About two-thirds of the total number of 314 confirmed extensive drug-resistant tuberculosis (XDR-TB) patients in South Africa have died of the illness, according to acting Health Minister Jeff Radebe.
This translated into 215 deaths.
In a written reply to a question in the National Assembly, Radebe said 228 of the confirmed cases, which were most of them, were reported in KwaZulu-Natal.
Of these, 203 came from the Msinga area, in the Tugela Valley, with 25 patients reported from other parts of the province.
"The huge number of deaths has also been in the same area.
Reasons still unclear
"This is an area of concern, as it is not yet clear why this area is most affected and the reasons for such high death rates; we will be working with the province to conduct an epidemiological assessment of the XDR-TB epidemic in this area," he said.
A total of 201 people in KwaZulu-Natal had died of XDR-TB, while the Eastern Cape had 33 confirmed cases and five deaths, the Free State eight and two, Gauteng 13 and two, Limpopo five and one, and the North West had 10 confirmed cases and four deaths.
The Northern Cape and Western Cape had eight cases each and no deaths, while Mpumalanga had one confirmed case and no deaths.
Focus on early detection
Radebe said the health department had ensured that all existing MDR-TB patients currently on treatment were tested for second-line susceptibility, to ensure early detection of XDR-TB.
Close contacts of all confirmed XDR-TB patients had been screened and tested for TB.
The National Health Laboratory Services (NHLS) had increased staffing in the laboratories conducting second-line drug susceptibility testing and increased working hours to cope with the increasing demand for these tests.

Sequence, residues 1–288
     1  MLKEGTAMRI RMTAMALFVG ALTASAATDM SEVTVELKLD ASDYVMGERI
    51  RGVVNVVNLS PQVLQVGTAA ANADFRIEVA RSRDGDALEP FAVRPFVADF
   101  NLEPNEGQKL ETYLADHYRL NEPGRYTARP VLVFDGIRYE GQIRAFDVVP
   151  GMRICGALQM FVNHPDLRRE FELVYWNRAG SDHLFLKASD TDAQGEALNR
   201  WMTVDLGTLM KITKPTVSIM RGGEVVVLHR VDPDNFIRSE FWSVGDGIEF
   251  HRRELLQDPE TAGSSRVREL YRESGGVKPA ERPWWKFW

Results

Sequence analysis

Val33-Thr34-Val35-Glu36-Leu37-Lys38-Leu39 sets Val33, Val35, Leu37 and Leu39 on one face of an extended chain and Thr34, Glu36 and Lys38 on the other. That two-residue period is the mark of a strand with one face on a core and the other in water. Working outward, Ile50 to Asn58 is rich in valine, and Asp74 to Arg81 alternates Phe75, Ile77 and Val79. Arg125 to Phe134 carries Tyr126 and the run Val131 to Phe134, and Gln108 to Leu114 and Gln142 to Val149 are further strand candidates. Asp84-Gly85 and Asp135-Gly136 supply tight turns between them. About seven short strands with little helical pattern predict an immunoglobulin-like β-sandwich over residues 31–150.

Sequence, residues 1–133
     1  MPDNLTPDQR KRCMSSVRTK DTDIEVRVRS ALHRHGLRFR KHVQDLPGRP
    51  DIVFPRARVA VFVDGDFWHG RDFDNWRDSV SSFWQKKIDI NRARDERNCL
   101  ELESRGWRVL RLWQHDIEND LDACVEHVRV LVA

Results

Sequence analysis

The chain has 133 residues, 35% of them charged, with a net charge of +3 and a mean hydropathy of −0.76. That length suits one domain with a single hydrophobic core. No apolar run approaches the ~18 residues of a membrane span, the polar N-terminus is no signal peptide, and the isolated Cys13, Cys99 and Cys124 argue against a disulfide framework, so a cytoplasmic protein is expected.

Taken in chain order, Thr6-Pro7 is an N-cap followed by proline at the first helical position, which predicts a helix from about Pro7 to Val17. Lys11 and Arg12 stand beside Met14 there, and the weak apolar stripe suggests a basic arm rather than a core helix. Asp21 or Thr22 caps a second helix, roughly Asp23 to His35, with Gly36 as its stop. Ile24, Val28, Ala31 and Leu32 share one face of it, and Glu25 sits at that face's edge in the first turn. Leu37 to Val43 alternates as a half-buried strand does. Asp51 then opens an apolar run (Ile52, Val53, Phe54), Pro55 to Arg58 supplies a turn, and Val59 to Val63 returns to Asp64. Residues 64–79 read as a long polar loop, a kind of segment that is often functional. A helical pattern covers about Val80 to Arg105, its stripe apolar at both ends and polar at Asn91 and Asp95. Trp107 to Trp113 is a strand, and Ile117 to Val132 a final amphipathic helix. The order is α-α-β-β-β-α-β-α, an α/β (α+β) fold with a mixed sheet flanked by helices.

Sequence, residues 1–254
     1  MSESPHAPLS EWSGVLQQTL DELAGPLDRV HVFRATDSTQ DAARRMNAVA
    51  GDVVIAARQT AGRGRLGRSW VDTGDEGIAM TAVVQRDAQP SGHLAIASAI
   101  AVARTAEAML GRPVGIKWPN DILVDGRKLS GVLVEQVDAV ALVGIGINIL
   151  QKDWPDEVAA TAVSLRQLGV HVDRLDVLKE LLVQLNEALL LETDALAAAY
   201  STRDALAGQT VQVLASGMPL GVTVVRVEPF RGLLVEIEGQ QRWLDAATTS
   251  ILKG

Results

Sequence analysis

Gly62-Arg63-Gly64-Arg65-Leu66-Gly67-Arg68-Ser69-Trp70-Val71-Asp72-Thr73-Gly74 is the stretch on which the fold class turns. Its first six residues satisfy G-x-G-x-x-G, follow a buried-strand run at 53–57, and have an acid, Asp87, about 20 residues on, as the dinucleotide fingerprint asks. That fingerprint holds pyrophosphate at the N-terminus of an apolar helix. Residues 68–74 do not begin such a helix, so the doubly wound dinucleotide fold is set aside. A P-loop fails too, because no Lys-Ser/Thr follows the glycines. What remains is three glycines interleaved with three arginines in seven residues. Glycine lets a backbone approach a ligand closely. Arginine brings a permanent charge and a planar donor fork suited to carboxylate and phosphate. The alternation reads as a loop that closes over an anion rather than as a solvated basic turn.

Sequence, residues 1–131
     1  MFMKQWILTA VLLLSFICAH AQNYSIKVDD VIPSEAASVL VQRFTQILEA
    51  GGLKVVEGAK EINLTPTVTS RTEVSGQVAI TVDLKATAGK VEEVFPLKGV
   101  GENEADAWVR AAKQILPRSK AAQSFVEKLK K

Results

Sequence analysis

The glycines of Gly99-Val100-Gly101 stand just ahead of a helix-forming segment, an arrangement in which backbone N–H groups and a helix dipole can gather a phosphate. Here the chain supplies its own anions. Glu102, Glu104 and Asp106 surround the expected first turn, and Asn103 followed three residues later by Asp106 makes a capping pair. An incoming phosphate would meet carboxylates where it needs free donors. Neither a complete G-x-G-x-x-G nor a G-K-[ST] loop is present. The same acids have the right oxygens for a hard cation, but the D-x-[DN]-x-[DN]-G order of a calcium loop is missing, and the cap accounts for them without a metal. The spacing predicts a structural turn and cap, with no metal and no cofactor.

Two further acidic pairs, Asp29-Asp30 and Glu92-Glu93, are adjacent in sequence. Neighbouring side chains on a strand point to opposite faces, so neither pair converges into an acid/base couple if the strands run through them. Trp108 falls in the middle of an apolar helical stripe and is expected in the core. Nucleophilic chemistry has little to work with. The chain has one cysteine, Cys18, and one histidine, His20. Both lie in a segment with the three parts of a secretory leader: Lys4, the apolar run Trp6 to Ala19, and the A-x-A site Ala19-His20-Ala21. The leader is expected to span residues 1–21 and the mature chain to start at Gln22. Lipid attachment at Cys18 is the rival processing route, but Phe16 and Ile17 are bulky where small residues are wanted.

"There are still challenges in this area, as the laboratory services are not accessible. Consultations with the NHLS are underway to increase access to culture and drug susceptibility testing and a service level improvement plan has been developed to address this," he said.
Diagnosis of drug resistant TB currently required culture and drug susceptibility testing, which had limitations in that the technique was slow and cumbersome.
By the time the results were available the initiation of treatment had been delayed and there had been spread of infection.
Rapid testing on the way
The department, together with the Medical Research Council (MRC), NHLS and FIND (Foundation for Innovative New Diagnostics) -- a foundation based in Geneva dedicated to improved diagnostic technologies for infectious disease endemic in developing countries, with its initial focus being tuberculosis – would embark on a demonstration project to evaluate the feasibility, impact and cost effectiveness of two rapid methods to diagnose resistant TB.
"These tests will enable us to know the results within a period of two days for first-line drug susceptibility and second-line drug testing will be done sooner, reducing the turn-around time for confirmation of second-line drug susceptibility, which currently takes 10-12 weeks."
The project had been endorsed by the World Health Organisation (WHO) Global XDR-TB Task Force, and the results would be presented to the WHO in 2008 for policy amendment, said Radebe.
In the meantime they would assist the country with early detection of patients with drug resistant TB, he added. – (Sapa)
Multi-drug resistant TB
Rapid test for resistant TB
For more information on care and support of tuberculosis visit South African National TB Association (SANTA) or phone them on 011 454 0260.